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Student anxiety about schoolwork

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Student anxiety about schoolwork

Australian high school students experience higher levels of schoolwork-related anxiety than their OECD peers, according to a new report released by the Australian Council for Educational Research (ACER).

PISA Australia in Focus Number 4: Anxiety uses data from the 2015 Programme for International Student Assessment (PISA), which surveyed 15-year-olds about their schoolwork-related anxiety, and earlier PISA surveys in 2003 and 2012, which looked more closely at anxiety about maths.

In 2015, students were asked to rate their level of agreement to the following statements:

  • I often worry that it will be difficult for me to take a test
  • I worry I will get poor grades at school
  • I feel very anxious even if I am well-prepared for a test
  • I get very tense when I study for a test
  • I get nervous when I do not know how to solve a task at school.

In Australia, 62 per cent of students agreed that they worry it will be difficult to take a test, while 65 per cent agreed that they worry they will get poor grades at school. The report shows 68 per cent of students in Australian feel anxious even when they are well prepared for a test, while 60 per cent report feeling nervous when they do not know how to solve a task at school.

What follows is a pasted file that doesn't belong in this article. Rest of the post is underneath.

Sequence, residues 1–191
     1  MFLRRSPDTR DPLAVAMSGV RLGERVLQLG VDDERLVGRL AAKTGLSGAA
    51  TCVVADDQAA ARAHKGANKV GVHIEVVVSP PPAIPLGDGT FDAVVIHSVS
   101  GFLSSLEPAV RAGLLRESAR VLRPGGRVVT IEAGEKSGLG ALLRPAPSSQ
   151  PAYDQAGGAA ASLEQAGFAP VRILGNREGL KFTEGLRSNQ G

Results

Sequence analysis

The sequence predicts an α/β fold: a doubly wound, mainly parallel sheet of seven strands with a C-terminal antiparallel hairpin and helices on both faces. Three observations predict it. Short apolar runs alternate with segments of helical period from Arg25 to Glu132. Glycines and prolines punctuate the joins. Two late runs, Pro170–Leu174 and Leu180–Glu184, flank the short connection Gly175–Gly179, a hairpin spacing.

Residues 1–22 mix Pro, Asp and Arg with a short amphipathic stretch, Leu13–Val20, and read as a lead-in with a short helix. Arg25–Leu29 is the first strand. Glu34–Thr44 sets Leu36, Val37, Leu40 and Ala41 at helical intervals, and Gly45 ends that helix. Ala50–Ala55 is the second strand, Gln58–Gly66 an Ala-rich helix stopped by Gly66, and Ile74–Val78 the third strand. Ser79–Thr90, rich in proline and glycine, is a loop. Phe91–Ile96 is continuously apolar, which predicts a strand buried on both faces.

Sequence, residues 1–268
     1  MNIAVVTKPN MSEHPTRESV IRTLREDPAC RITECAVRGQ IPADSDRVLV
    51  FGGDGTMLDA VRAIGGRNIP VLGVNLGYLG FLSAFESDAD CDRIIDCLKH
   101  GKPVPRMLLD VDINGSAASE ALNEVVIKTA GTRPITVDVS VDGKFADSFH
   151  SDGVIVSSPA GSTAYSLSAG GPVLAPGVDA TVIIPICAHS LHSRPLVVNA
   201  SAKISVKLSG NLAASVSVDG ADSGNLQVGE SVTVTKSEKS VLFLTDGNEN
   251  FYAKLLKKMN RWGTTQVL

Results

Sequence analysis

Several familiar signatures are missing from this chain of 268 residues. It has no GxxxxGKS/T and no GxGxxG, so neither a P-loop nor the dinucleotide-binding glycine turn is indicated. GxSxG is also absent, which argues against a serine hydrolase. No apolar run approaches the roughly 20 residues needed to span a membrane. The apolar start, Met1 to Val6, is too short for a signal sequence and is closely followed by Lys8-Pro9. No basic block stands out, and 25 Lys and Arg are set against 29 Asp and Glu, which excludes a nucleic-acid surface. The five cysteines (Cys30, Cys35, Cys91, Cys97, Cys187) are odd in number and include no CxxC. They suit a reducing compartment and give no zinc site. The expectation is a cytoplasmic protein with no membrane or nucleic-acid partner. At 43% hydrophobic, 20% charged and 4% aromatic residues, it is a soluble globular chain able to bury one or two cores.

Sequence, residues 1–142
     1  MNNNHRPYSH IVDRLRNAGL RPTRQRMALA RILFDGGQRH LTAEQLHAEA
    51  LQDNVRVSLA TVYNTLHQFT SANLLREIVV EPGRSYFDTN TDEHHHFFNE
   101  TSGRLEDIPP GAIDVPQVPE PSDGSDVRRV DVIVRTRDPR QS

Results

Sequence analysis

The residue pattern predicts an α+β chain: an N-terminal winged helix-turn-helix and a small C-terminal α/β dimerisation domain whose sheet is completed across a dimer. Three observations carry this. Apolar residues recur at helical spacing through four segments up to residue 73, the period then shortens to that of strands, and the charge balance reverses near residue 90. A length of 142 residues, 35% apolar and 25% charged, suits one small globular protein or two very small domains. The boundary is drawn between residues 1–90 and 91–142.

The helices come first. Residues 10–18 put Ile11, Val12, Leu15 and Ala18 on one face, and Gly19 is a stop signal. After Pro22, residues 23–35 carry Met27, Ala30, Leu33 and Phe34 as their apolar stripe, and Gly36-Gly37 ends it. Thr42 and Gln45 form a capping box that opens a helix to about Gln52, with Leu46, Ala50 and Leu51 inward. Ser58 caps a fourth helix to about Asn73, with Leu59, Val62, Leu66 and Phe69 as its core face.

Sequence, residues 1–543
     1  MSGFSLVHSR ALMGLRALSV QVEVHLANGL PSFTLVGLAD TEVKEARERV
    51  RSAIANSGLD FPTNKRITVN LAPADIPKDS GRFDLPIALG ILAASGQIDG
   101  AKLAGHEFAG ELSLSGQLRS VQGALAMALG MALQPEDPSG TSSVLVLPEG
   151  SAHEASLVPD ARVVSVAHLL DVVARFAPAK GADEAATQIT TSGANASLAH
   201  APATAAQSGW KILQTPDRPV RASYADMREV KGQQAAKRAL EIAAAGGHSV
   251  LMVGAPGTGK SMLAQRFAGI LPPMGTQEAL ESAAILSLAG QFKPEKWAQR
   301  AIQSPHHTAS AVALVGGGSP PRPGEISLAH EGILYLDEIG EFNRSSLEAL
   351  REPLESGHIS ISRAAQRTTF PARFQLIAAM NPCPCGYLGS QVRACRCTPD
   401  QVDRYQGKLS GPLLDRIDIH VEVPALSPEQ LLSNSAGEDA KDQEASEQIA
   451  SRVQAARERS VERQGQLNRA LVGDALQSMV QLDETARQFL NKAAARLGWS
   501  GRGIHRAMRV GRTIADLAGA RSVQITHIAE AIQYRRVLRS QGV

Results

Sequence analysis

The report shows that overall internationally, students who were less anxious performed better in the assessment of scientific literacy than students who reported higher schoolwork-related anxiety.

The highest levels of schoolwork-related anxiety were reported in Singapore and the lowest levels in Finland. Other high-performing countries scored higher than the OECD average on the schoolwork-related anxiety index – Japan, Hong Kong (China), Macao (China) and Canada.

ACER Deputy CEO (Research) Dr Sue Thomson says that PISA results show that countries where students are highly motivated to achieve also tend to be countries in which many students feel anxious about their schoolwork.